3,000th blog post

I just saw that I’d written 2,999 blog posts, so that makes this one the 3,000th. About a year ago was the 10th anniversary, and Tim Hopper wrote his retrospective about my blog.

In addition to chronological blog posts, there are about 200 “pages” on the site, mostly technical notes. These include the most popular content on the site.


The following is a rambling discussion of things that have changed over the history of the blog.

I started out posting a little more than once a day on average. I’ve slowed down a little, but I still wrote about 300 posts over the last year. My posts are getting a little longer. They’re still fairly short, but a little longer than they used to be.

I’ve also started using more footnotes. That has worked out well, letting me write for two audiences at the same time: those who want a high-level overview and those who want technical details.

More people are reading from mobile devices, so I moved to a responsive design. I also use more SVG images because they look great across a variety of platforms.

HTTPS has become more common, and I switched to HTTPS a while back.

Google nearly killed RSS when it killed the most popular RSS reader. I announce most of my posts on Twitter because Twitter has sorta taken the place of RSS. You can still subscribe by RSS, and many do, but not as many as before the demise of Google Reader.

I’ve been writing more about privacy and security lately because I’m doing more work with privacy and security.

I was reluctant to start blogging, but I gave it a chance after several people exhorted me to do it. I was especially hesitant to allow comments, but the signal to noise ratio has been a pleasant surprise (aside from the millions of comments blocked by my spam filter). I’ve learned a lot from your feedback. I’ve met a lot of friends and clients through the blog and am very glad I started it.

8 thoughts on “3,000th blog post

  1. I see a lot of interesting things from both your blog posts and your twitter feed. I sometimes wonder how you find the time, but — thank you!

  2. 300 posts a year on average is an impressive achievement. Kudos.

    Your blog is one of the most valuable pieces of the Internet, although I must admit I can only grasp a fraction of it. Advanced statistics scares me!

    P.S. RSS is not dead and will never be.

  3. This is one of my favorite blogs, there’s always something interesting to learn and I love the length and frequency of the posts. Just right. Thank you for the effort you put into this.

  4. I really like this blog, thanks for all the effort you put into it.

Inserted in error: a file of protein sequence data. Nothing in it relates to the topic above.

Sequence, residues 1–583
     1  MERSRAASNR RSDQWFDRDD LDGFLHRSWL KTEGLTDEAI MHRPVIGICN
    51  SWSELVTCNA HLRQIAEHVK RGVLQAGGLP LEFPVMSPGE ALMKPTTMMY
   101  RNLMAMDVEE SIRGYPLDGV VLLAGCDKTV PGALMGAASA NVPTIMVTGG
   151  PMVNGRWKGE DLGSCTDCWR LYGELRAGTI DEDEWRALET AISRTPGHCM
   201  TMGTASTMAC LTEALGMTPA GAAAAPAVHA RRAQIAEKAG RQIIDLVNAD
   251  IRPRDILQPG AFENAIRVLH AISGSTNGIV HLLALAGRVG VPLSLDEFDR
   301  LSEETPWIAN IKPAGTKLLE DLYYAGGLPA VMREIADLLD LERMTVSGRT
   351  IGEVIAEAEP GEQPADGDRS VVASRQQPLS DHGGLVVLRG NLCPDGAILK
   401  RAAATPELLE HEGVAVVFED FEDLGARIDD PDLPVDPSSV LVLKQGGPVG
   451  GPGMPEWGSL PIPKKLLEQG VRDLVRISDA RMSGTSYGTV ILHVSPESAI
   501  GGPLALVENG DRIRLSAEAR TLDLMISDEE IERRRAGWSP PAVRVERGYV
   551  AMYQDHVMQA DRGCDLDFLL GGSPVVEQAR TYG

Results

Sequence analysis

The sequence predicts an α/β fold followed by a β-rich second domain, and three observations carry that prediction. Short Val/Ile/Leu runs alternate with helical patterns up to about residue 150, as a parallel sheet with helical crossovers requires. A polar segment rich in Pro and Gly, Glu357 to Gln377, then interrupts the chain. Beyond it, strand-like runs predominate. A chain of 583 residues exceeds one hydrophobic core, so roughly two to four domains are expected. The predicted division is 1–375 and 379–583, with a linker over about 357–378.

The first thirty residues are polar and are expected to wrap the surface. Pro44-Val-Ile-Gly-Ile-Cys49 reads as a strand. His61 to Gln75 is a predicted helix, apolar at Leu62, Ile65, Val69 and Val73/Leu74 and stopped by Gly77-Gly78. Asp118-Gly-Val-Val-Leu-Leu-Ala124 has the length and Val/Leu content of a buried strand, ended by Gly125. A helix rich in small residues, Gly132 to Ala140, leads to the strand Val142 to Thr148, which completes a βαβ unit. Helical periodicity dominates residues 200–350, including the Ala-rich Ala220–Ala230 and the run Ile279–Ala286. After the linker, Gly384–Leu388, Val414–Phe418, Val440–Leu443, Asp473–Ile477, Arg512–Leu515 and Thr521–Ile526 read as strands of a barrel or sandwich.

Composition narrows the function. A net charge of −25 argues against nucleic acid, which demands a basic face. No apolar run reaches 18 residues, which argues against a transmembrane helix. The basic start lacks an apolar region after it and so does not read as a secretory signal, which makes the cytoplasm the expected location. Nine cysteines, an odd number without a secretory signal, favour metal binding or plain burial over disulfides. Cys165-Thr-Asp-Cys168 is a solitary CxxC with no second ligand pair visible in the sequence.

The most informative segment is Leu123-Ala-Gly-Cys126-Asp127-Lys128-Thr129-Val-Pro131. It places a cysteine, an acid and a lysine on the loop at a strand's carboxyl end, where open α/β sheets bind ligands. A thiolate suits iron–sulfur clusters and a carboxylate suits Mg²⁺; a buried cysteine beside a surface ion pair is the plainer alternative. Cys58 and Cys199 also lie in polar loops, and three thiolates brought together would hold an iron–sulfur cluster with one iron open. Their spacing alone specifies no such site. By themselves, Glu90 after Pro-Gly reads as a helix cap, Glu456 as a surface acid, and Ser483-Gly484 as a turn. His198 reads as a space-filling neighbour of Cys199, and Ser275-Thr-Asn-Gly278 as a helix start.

And thanks for still having an RSS feed – I use Feedly and wouldn’t really know when this gets updated without the RSS! (Twitter is just too noisy for me)

  5. Keep doing what you are doing John.

    And remember, even though we may not all leave a comment, there are *many* of us still reading what you have to say.

    And rest assured, every time I Google something mathamatically related, sure enough, a certain “John D Cook” more often than not appears at the top of my searches!

    It was your “output” that made me realise people think about math *every single day*, and it was a breeze to them. Very inspiring…

  6. I’ve been trying to create a list of the specific things I’ve learned from this blog, but the only hard number I have is bookmarked entries in my “Want to Learn / Need to Follow-up” list: 87 posts!

    In general, about 20% of your posts go past me at super-luminal speeds. I think I recognize the language as English, but I am not sure. At the other end of the spectrum, perhaps 30% I completely follow (you do lots of fairly straightforward posts).

    The remaining 50% are the ones that are somewhat within my grasp, where your description determines how relevant I feel the content is to my work or interests, and if it gets bookmarked for future attention. Truth be told, I rarely revisit those bookmarks.

    More often, the act of bookmarking serves to (hopefully) improve my memory of being exposed to the topic in the first place. It builds my vocabulary (and buzzword-compliance), which is useful when a vague memory arises in a mathy situation, prompting me to search Google with a “site:johndcook.com” specifier.

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